My son (who took drama as one of his English classes in high school) and I watched Kenneth Branaugh's Much Ado ABout Nothing.
It is hard to reconcile myself with the fact that the movie was released in 1993. A friend took me to the movie as a birthday present. 18 years ago! Branaugh was the young turk of filmed Shakespeare.
It was a delightful movie to make a birthday celebration. Unfortunately, my friend died in 2001. I missed her while watching the movie and wish she were still with us as I have wished several times since her death. Another deceased friend was also a friend of Texas singer-songwriter Townes Van Zandt, who is dead as well. I think of him when I hear Townes on the radio.
It's a gorgeous film. Branaugh's handling of the moment when Beatrice and Benedict realize they love each other was romantic and expressive. Branaugh as Benedict runs and dances in circles in a fountain while, in another part of the same estate, his then wife Emma Thompson as Beatrice, sits on a swing and pushes herself skyward. The two images are superimposed on each other.
My son was skeptical to the point of sneering at Keanu Reeves playing Shakespeare before watching the film. I told him it was the one Shakespearean role Reeves could be cast in: all he does is walk around and sneer while deadpanning. Nearly 2 decades did not dull my memory. That was all he did.
My son dismissed the performance after seeing it. He was more critical of Michael Keaton as Dogberry than I was. "He's just playing Beetlejuice again. He can't do anything else."
Despite the ridiculousness of the plot -- that a group of friends would put forth the idea that a maid died of shame and that her priggish intended would consent to marrying her manufactured "cousin" -- this is a lovely outing in the festival style.
Branaugh, Thompson, Denzel Washington, Brian Blessed, Richard Briers (so underrated!) , Thompson's mother Phyllida Law, Imelda Stauton and the pre-action heroine Kate Beckinsale are all excellent!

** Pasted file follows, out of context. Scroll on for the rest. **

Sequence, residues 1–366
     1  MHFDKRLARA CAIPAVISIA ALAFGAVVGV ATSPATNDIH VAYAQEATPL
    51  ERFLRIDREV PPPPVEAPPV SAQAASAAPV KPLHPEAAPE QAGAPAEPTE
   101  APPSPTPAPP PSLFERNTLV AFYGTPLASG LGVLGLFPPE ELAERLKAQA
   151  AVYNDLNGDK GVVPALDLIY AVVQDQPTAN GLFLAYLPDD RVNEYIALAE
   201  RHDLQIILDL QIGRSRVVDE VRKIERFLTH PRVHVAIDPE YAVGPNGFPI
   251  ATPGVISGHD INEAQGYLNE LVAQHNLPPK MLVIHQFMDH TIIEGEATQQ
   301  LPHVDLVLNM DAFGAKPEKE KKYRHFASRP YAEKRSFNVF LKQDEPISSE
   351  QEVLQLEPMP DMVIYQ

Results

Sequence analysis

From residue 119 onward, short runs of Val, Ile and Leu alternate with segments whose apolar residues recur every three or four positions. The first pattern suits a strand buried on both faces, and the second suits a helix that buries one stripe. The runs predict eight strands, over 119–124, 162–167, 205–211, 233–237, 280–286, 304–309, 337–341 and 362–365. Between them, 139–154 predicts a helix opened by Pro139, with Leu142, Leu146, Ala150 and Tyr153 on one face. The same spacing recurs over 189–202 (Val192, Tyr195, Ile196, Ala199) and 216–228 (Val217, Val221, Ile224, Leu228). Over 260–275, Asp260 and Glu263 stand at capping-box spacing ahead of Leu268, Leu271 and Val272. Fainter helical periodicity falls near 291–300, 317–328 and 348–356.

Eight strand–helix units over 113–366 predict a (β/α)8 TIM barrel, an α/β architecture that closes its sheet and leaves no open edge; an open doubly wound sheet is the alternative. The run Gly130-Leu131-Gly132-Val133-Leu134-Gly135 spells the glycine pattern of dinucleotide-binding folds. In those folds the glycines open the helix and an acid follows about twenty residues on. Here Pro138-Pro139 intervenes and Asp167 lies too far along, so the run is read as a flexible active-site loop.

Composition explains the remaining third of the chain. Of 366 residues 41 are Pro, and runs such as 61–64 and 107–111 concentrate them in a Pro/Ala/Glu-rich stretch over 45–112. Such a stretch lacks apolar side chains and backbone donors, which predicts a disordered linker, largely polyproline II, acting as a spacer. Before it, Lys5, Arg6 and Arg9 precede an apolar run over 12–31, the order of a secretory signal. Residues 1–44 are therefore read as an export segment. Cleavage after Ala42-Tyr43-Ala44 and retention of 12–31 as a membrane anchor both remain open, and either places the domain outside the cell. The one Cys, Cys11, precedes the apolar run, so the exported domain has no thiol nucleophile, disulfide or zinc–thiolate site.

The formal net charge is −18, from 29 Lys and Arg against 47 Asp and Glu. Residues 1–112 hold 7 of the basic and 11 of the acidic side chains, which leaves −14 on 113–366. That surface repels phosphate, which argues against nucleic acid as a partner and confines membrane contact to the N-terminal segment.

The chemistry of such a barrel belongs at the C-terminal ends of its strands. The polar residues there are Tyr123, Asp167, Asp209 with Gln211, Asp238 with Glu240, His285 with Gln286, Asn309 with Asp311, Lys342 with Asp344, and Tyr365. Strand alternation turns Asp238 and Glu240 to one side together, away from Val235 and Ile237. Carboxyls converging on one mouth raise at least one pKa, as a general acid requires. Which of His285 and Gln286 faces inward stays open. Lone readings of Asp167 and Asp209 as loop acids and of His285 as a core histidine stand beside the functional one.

You should check out his latest "London Boulevard", great movie.
Never heard of the film which also doesn't appear to have a US release date quite yet:
The IMDb provided synapse~
The story of a man [played by Colin Farrell] newly released from prison who falls in love with a reclusive young movie star and finds himself in a duel with a vicious gangster.
The trailer looks snappy though the premise does sound formulaic.
Thx; looks interesting enough for a leisurely early matinee when it shows up around here. I miss London; used to be a regular for me when prices were more reasonable.
Heres a clip. Don't download just play. It works for me, it might not for you.
Pause for a while to let it load. Just right click and close any annoying pop-ups.
I swore I wouldn't do this again, hmmm.
We saw "Black Swan" today.
It portrays the tough world of ballerinas and everything that goes with it: anorexia, bulimia, frail mental capacities, competitiveness, and physical exhaustion, and let's not forget the cliche of an overbearing mother whose
own ballerina career was cut short due to pregnancy; all her dreams she forced onto her daughter to fulfill. I really don't know why this movie is so highly acclaimed and recommended - perhaps the bar is lower these days with most movies being mediocre only.
The Way Back
After narrowly escaping from a wretched World War II Siberian labor camp, a small band of multinational soldiers desperately undertakes a harrowing journey to traverse Siberia, the Gobi Desert and the Himalayas on foot. Directed by Peter Weir, this exciting drama about courage and endurance -- based on a true story -- stars Colin Farrell, Jim Sturgess, Ed Harris, Saoirse Ronan, Mark Strong and Gustaf Skarsgård.